In yet another data breach, over 419 million phone numbers linked to Facebook users have been discovered in an open online database.
The database included 133 million records of US-based Facebook users, 18 million records of UK users and more than 50 million records of users in Vietnam, TechCrunch reported on Wednesday.
This latest data breach exposed millions of users’ phone numbers just from their Facebook IDs, putting them at risk of spam calls and ‘SIM-swapping’ or ‘SIM jacking’ where a mobile number is transferred to a new SIM card.
Sanyam Jain, a security researcher at The Hague-based non-profit organisation GDI Foundation, found the database.
After the web host was contacted, the Facebook users’ database was pulled offline.
Some of the records also had the user’s name, gender and location by country.
A Facebook spokesperson said the data set was old and had been deleted.
“This data set is old and appears to have information obtained before we made changes last year to remove people’s ability to find others using their phone numbers,” the spokesperson was quoted as saying.
“The data set has been taken down and we have seen no evidence that Facebook accounts were compromised,” the spokesperson added.
There have been several incidents after the Cambridge Analytica episode involving 87 million users where Facebook acknowledged series of privacy lapses, including the latest admission that it mishandled millions of users’ passwords on Instagram and “unintentionally” uploaded emails of nearly 1.5 million of its new users. (IANS)
With India pressing for traceability of WhatsApp messages to check the spread of fake news, Nick Clegg, Facebook Vice President, Global Affairs and Communications, has offered alternative ways to help the country
With India pressing for traceability of WhatsApp messages to check the spread of fake news, Nick Clegg, Facebook Vice President, Global Affairs and Communications, has offered alternative ways to help the country, without any reference towards tracing the origin of the WhatsApp messages.
WhatsApp had categorically said in the past that the government’s demand to trace the origin of messages on its platform is not possible as it “undermines the privacy of the people”.
Clegg who was the UK’s former Deputy Prime Minister before joining Facebook, visited India last week and met several senior government officials, including IT Minister Ravi Shankar Prasad, and offered to assist law enforcement agencies in all possible ways like Artificial Intelligence-driven data analytics and access to “meta-data”.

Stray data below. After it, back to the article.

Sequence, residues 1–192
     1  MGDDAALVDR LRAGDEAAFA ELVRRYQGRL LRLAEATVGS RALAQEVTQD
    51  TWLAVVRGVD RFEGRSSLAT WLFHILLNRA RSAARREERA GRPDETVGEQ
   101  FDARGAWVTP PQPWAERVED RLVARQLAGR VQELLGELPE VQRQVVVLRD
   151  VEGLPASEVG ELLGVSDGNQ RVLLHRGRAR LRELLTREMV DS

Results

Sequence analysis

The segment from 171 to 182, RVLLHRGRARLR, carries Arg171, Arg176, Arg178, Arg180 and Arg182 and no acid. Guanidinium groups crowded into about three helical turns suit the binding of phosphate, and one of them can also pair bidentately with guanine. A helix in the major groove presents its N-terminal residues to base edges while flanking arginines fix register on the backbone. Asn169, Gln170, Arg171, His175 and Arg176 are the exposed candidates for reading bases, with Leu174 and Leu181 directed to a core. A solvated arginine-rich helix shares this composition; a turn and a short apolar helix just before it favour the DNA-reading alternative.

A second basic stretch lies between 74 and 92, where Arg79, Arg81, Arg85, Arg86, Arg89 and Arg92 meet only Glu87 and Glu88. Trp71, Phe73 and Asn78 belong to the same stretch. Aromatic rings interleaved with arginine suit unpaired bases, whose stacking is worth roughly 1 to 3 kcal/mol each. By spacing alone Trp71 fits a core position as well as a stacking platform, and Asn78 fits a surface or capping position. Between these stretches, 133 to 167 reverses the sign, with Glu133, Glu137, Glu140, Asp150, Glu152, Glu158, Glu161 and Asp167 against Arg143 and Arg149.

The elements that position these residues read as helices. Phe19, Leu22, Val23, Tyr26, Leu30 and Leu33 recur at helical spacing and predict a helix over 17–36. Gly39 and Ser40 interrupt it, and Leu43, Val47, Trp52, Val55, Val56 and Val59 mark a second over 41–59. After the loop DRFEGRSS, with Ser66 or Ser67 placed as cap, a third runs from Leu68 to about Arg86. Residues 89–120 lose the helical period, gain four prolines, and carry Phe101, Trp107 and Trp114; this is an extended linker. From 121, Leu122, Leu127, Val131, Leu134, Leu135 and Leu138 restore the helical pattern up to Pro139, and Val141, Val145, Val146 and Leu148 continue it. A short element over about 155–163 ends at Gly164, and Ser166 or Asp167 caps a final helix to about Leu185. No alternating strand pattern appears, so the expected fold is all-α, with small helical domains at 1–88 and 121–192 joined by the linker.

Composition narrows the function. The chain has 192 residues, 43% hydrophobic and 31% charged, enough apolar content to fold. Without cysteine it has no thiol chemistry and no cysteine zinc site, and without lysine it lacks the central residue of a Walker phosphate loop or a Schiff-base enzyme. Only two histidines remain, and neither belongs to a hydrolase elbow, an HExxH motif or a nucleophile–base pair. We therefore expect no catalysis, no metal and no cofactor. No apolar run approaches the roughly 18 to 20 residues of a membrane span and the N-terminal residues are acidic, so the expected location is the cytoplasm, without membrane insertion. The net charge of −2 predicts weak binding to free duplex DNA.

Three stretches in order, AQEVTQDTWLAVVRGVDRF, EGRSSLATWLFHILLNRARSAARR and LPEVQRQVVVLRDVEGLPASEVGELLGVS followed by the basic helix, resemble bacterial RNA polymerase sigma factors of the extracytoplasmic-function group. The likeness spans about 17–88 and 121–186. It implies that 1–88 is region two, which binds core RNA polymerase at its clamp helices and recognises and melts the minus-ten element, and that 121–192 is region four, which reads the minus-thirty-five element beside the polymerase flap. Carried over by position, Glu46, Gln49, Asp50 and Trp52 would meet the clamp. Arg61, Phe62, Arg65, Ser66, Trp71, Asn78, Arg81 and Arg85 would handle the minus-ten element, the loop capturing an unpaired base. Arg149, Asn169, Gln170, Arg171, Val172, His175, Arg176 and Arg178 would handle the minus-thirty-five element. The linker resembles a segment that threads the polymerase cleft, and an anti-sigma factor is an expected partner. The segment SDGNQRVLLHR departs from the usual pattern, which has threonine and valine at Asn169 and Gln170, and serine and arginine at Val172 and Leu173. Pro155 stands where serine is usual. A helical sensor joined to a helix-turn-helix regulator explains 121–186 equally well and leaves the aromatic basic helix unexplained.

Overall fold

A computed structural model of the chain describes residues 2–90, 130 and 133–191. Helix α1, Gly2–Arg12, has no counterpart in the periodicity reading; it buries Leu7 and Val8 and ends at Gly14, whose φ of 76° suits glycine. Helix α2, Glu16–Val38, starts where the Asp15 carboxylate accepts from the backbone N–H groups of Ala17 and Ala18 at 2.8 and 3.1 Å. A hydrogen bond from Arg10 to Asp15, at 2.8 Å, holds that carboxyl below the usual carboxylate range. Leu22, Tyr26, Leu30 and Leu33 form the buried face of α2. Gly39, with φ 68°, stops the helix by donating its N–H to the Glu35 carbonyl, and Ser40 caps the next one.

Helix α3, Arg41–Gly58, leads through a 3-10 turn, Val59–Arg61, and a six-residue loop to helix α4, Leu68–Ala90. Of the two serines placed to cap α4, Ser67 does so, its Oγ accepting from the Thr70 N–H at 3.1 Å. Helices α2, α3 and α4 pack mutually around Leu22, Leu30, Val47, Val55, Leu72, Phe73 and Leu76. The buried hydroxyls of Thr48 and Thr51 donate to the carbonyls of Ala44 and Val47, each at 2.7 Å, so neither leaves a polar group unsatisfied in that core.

“Facebook cares deeply about the safety of people in India and Nick’s meetings this week provided opportunities to discuss our commitment to supporting privacy and security in every app we provide and how we can continue to work productively with the government of India towards these shared goals,” a company spokesperson said in a statement.
Last December, the Ministry of Electronics and Information Technology (MeitY) proposed changes to Section 79 of the Information Technology (IT) Act, 2000.
The proposed regulations require a company to “enable tracing out of originators of information on its platform as required by legally authorised government agencies”.
The end-to-end encryption feature in WhatsApp makes it difficult for law enforcement authorities to find out the culprit behind a misinformation campaign.
The mobile messaging platform with over 400 million users has already called the proposed changes “overbroad”.
“Attributing messages on WhatsApp would undermine the end-to-end encryption, and its private nature, leading to possibilities of being misused,” a company spokesperson had earlier said.
WhatsApp’s parent company Facebook has over 300 million users in India.
WhatsApp in February stressed that some of the proposed government regulations for social media companies operating in India are threatening the very existence of the app in its current form.
“Of the proposed regulations, the one which concerns us the most is the emphasis on traceability of messages,” Carl Woog, WhatsApp’s Head of Communications, had told IANS.
Meanwhile, Facebook has filed a petition to transfer the case looking at enforcing traceability on WhatsApp to the Supreme Court. It is currently sub judice in the Madras High Court.
Tamil Nadu, however, is aiming to get Facebook’s transfer petition dismissed by the Supreme Court.
A professor at the Indian Institute of Technology (IIT)-Madras recently stressed that the issue can be easily resolved without diluting end-to-end encryption and affecting the privacy of users.
“If WhatsApp says it is not technically possible to show the originator of the message, I can show that it is possible,” said V. Kamakoti.
When a message is sent from WhatsApp, the identity of the originator can also be revealed along with the message.
So the message and the identity of the creator can be seen only by the recipient.
“When that recipient forwards the message, his/her identity can be revealed to the next recipient,” he said, adding that as per the court ruling, those who forward a harmful message can also be held responsible in certain cases. (IANS)